Where we get our drinking water is more important these days than ever. Most people in the cities and suburbs are subject to drinking tap water, bottled water, or using a water filtration system in their homes; but there are still some parts of the world where well water is the main source of drinking water for families and Massachusetts and New Hampshire are certainly one of those parts of the world.
All public water systems are under the regulations of the EPA, (Environmental Protection Agency), but the EPA has no control over privately owned water wells. Some state and local governments have rules regarding private well water, but approximately 15% of Americans who supply their own drinking water, are not subject to the standards of the EPA. Private water well owners do not have government agencies regularly checking the quality and toxicity of their water supply, as with public water systems. So how do well water drinkers know if the quality of their water has changed or deteriorated?
Each household must be certain to take precautions to ensure that their family is drinking safe water; the maintenance and protection of the water well, falls into the hands of each private owner, who must take responsibility for providing their families with safe water to drink.
Checklist Items for Water Well Owners
- All water wells should be properly constructed and maintained on a regular schedule, to ensure that the water supply is safe. Northeast Water wells offers preventative maintenance inspections yearly and water quality testing that can relieve this concern.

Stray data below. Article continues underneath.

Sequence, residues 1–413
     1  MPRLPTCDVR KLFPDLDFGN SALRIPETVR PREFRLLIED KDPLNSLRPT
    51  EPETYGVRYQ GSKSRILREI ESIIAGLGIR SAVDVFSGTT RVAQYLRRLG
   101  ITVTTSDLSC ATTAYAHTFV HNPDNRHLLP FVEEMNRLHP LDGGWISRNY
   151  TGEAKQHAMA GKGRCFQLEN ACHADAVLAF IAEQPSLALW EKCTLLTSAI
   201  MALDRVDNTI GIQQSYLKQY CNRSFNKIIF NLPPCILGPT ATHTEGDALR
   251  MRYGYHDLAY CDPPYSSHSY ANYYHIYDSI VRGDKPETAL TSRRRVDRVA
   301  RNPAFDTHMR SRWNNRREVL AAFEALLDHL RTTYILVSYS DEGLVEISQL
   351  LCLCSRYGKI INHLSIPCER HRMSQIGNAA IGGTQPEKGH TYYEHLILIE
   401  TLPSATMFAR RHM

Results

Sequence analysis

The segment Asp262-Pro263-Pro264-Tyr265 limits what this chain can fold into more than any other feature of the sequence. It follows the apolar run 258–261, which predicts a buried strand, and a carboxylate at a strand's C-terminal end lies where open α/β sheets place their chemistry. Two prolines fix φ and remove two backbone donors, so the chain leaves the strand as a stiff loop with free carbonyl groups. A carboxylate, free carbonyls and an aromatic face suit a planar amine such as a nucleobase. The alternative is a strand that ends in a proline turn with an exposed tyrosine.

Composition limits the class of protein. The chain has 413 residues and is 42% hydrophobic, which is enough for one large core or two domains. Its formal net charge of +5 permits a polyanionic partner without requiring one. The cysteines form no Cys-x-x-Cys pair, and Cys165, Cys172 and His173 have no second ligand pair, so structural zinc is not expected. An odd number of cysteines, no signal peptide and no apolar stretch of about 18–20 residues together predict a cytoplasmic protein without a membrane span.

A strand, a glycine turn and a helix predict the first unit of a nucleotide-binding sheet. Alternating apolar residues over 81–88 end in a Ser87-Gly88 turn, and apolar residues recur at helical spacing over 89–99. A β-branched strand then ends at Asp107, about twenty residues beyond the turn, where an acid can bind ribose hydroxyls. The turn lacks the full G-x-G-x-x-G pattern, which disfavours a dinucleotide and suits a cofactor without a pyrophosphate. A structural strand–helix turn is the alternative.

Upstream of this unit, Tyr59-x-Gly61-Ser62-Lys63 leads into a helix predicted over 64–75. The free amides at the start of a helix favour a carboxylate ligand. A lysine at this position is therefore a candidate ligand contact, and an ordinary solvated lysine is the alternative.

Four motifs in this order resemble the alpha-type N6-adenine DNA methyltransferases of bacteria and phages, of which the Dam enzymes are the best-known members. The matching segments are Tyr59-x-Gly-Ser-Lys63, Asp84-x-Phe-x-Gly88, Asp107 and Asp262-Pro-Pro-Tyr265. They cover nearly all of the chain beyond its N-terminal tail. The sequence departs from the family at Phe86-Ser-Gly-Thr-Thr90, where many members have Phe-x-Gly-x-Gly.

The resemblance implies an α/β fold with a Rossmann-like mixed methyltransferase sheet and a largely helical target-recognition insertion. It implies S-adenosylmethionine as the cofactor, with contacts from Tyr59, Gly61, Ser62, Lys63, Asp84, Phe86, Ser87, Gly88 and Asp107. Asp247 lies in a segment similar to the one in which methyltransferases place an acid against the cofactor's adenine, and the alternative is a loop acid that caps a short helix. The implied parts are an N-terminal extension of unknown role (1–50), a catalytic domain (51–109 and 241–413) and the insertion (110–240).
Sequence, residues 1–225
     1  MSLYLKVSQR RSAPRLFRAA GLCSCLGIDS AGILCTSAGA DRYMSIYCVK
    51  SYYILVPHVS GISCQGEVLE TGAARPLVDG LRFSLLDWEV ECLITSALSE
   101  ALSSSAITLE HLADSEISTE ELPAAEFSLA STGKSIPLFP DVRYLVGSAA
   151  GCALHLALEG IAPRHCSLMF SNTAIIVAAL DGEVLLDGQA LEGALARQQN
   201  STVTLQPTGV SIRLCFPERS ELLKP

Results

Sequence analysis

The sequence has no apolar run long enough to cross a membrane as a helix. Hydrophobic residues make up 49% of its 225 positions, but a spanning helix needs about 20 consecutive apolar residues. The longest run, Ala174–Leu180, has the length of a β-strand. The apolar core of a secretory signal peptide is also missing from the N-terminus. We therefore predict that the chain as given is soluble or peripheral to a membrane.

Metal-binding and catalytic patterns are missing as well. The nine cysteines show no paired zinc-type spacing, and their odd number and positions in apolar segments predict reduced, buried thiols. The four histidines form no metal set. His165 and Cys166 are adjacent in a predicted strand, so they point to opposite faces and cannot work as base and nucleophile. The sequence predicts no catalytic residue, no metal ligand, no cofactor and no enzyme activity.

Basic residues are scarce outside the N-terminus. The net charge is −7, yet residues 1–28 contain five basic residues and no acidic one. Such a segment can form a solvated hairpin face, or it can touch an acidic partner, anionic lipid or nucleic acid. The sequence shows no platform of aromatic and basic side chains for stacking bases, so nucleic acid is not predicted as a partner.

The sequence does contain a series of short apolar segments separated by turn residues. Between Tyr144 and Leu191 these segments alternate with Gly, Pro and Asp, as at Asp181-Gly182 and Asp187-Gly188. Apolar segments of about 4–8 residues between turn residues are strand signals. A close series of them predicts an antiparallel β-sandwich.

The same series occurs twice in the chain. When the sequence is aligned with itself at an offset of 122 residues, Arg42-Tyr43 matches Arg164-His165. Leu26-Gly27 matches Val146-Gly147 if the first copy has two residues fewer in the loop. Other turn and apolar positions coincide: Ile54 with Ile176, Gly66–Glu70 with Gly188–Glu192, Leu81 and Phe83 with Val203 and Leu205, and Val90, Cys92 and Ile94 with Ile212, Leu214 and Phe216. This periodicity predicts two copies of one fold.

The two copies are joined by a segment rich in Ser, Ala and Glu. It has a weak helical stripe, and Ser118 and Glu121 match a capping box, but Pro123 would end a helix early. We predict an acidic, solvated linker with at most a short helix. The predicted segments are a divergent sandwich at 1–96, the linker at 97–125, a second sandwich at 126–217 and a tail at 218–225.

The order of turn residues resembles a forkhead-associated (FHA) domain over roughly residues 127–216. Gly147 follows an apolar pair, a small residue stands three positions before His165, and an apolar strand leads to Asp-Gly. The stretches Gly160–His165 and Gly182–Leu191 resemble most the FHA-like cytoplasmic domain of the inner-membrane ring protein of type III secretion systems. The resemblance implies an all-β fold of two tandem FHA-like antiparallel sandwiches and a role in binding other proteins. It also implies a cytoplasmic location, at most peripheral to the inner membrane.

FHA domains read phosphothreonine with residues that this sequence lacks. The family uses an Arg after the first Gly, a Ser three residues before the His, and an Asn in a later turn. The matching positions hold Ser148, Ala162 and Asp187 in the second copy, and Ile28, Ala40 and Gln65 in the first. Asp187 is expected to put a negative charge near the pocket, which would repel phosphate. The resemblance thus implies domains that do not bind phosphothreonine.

- Water wells should be built in a location on the land where rainwater can fall away from it. Rainwater can pick up harmful bacteria and toxins that can contaminate well water.
- To keep your well water safe for drinking, these precautions should be taken; wells should be at least 50 feet away from any septic tanks, and should also be at least 50 feet away from all livestock.
- Keep manure stacks, a minimum of 250 feet away from the well water supply.
- Petroleum tanks and fertilizer and manure storage, should be kept at least 100 feet away from your well water.
- Routine water Quality tests should be being preformed yearly or bi yearly to some capacity to ensure the water is safe to drink.
These are minimum requirements for the safety of your well water. It is wise to keep all toxic chemicals, manure stacks, livestock, as far away as possible from your well water supply. This is the best way to keep your water safe and healthy for your family to drink.